Whiplash: evidence base for clinical practice.
Author: Bradshaw, Jane
Pub Date: 11/01/2011
Publication: Name: New Zealand Journal of Physiotherapy Publisher: New Zealand Society of Physiotherapists Audience: Academic Format: Magazine/Journal Subject: Health Copyright: COPYRIGHT 2011 New Zealand Society of Physiotherapists ISSN: 0303-7193
Issue: Date: Nov, 2011 Source Volume: 39 Source Issue: 3
Accession Number: 288538009
Full Text: Whiplash: Evidence Base for Clinical Practice Michelle Sterling, Justin Kenardy. Churchill Livingstone Elsevier, Australia 2011. ISBN: 978-0-7295-3946-3. Soft cover, 196 pages. RRP: AUS $85.00.

This book is a welcomed response to the concern, debate, and controversy regarding rising costs and unsatisfactory treatment outcomes for Whiplash Associated Disorder (WAD), despite a recent increase in published research and clinical guidelines. Usually a consequence of a motor vehicle crash, WAD is a unique, functionally disabling, complex and heterogeneous condition. It can present with diverse, individually varying acute and often chronic physiological, psychological and environmental manifestations. Researcher-clinicians, Michelle Sterling, physiotherapist and Justin Kenardy, psychologist, as authors, have achieved their goal of enhancing understanding by critically evaluating a wide range of perspectives on the WAD evidence base, which can stimulate improved research and clinical outcomes.

Underlying themes of the book are the need for improved research designs and improved clinical management of acute and chronic pain, post traumatic stress disorder, sensory dysfunction and psychological distress and motor dysfunction. The authors contend that WAD is a unique condition which warrants specific assessment and management. Therefore, it can differ from neck and chronic musculoskeletal pain disorders including low back pain. Also highlighted are the complicating compensable and legal problems.

This well written small book clarifies our understandings with easily read text and concise chapter summaries. Comprehensive referencing and explicit tables and figures are useful features. The beginning chapters discuss epidemiology, multiple biopsychosocial risk and prognostic factors emphasizing beneficial early treatment intervention, causal links and classification systems. Chapter 3 outlines motor vehicle crash kinematics, structure theories, metrics and occupant and vehicle impact factors. Chapter 4 explores specific cervical pathoanatomical diagnoses, imaging correlates and persistent symptoms.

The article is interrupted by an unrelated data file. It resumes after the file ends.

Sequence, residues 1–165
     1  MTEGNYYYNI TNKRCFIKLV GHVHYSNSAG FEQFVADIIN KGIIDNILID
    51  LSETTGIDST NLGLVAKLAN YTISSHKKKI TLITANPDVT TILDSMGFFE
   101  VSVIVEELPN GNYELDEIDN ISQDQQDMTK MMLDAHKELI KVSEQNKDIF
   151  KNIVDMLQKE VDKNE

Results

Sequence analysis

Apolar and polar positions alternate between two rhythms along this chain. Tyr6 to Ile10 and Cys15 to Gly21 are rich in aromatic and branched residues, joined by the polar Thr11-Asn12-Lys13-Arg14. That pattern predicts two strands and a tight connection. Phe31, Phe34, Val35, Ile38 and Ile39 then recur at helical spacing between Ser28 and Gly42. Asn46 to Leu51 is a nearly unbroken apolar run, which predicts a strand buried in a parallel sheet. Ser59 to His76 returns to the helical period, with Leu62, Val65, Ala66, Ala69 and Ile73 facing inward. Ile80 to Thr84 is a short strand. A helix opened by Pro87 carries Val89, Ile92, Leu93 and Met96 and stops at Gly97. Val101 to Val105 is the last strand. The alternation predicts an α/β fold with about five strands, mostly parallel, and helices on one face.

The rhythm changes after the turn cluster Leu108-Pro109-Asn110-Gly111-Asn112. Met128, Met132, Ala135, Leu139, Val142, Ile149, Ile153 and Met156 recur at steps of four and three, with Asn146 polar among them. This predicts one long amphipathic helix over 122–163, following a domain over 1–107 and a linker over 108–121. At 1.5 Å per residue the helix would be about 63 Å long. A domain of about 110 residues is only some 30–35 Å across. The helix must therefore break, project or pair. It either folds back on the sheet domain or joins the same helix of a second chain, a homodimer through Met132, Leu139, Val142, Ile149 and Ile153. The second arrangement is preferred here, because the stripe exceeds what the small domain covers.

Mandatory routine assessment of sensory features reflecting augmented central pain-processing and medication, physical and psychological interventions are recommended. Chapter 6 recommends specific exercise rehabilitation of complex neuromuscular changes. Chapter 7 describes causal relationships and clinical assessment and management of sensorimotor dysfunction particularly cervical afferents, the vertebral artery, vestibular and oculomotor systems responsible for often disabling dizziness, unsteadiness and visual disturbances. Chapters 8--9 provide insight into significant but often inadequately identified and managed post traumatic and psychological stress.

Prognostic indicators of non-recovery are also covered, highlighting initial pain intensity as the most consistent predictor. Chapters 11--13 translate synthesized evidence based knowledge into best clinical management, emphasizing psychological management and fresh options. Varying compensation and legal issues in Australia, the United States and Canada with minimal reference to New Zealand are also outlined. The final chapters evaluate malingering identification and management, present useful clinically relevant case studies and exciting new research and clinical directions.

I strongly recommend this easily read, enlightening evidence-based update on WAD research and clinical best practice, particularly to researchers, educators and clinicians, including physiotherapists. Refreshing insights and take home clinical pearls inspire their integration into routine research and clinical practice, whilst improving patients' outcomes and reducing costly disabilities.

Jane Bradshaw MHealSc(Rehab), Dip HealSc(Rehab), Dip Man T, Dip Phty Physiotherapist, Wellington.
Gale Copyright: Copyright 2011 Gale, Cengage Learning. All rights reserved.